Stress “symptoms” can be normal reactions to an abnormal situation.

Under ordinary circumstances, our defense mechanisms work unconsciously and, therefore, go unnoticed. They can, however, become more noticeable after exposure
to stressful situations, such as the coronavirus (COVID-19) pandemic. When people experience “symptoms,” they may begin to worry about their mental health. Yet, in extraordinary situations, having “symptoms” actually can be an indication that healthy psychological defenses are working overtime. Although stress “symptoms” may be irritating or troubling at times, it is helpful to recognize that they often are normal reactions to an abnormal situation.

What’s the bottom line? Have faith in what we know! Human beings have an amazing capacity for resilience and adaptation. Research and experience tell us that most people feel and function better over time. Eventually, for most people,”symptoms” of stress lessen or disappear entirely.

Common symptoms:

• Physical: fatigue, appetite change, sleep loss, need for more sleep than usual, tension, being more accident prone.
• Cognitive: “spacing out,”decreased ability to focus or concentrate, forgetfulness.
• Emotional: frustration, anxiety, anger, irritability, depression, mood swings, nightmares.
• Social: isolation from others, intolerance, lashing out, distrust, change in sex drive.
• Spiritual: emptiness, loss of direction, doubt, apathy

Create a plan of action for times when there’s more to process than your processor can handle.

Just like computers, people sometimes need to re-boot. Creating and implementing a plan of action requires an investment of time devoted to renewing energy and restoring equilibrium. At a minimum, remember to take time to breathe. Because of the mind-body connection, taking slow, deep breaths for just a few minutes actually can reduce anxiety. In situations that are extraordinarily demanding, people sometimes need to add to their capacity by taking themselves “off-line” so they can engage in specific self-care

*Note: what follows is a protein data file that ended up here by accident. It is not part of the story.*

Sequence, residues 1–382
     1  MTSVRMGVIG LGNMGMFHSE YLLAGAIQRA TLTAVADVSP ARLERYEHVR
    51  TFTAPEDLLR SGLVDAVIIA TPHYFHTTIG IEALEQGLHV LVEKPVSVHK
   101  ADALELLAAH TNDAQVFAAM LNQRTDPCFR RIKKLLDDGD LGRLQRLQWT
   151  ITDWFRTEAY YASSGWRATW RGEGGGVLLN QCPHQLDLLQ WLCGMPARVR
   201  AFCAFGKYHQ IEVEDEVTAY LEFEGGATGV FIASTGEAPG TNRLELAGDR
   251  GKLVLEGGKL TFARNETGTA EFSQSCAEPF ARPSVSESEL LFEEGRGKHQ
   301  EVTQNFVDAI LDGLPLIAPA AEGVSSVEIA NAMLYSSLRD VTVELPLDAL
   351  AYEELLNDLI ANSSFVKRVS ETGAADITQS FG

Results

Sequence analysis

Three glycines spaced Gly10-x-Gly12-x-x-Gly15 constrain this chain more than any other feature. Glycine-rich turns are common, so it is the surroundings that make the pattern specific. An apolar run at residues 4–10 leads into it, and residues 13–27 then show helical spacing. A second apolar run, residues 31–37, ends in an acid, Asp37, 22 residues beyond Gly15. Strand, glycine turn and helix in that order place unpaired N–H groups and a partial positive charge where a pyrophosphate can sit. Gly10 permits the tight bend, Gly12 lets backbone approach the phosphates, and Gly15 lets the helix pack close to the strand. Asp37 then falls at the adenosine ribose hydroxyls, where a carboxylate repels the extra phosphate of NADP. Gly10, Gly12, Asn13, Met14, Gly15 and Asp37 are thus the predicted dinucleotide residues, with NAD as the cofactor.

and maintenance activities.

Often, this is best accomplished by doing ordinary kinds of things. Get a good night’s sleep by maintaining a regular schedule for going to bed and rising. Eat nutritious meals. While engaging in safe physical distancing practices, seek quality time with people who anchor you emotionally. Take a warm, soothing bath. Work out at home. Remember to keep a safe physical distance from other people in public and to wash your hands and/or use hand-sanitizer on any shared equipment, door handles, your car steering wheel, etc. Engage in a favorite hobby or sport, if possible. Enjoy nature and being outdoors. Connect with the arts at home and online. Share a meal with family or friends your social distancing with or via videoconferencing. Attend church and community events via livestream. Use your plan of action to replenish yourself physically, psychologically and spiritually in the ways that you know work for you.

Get media wise – choose your news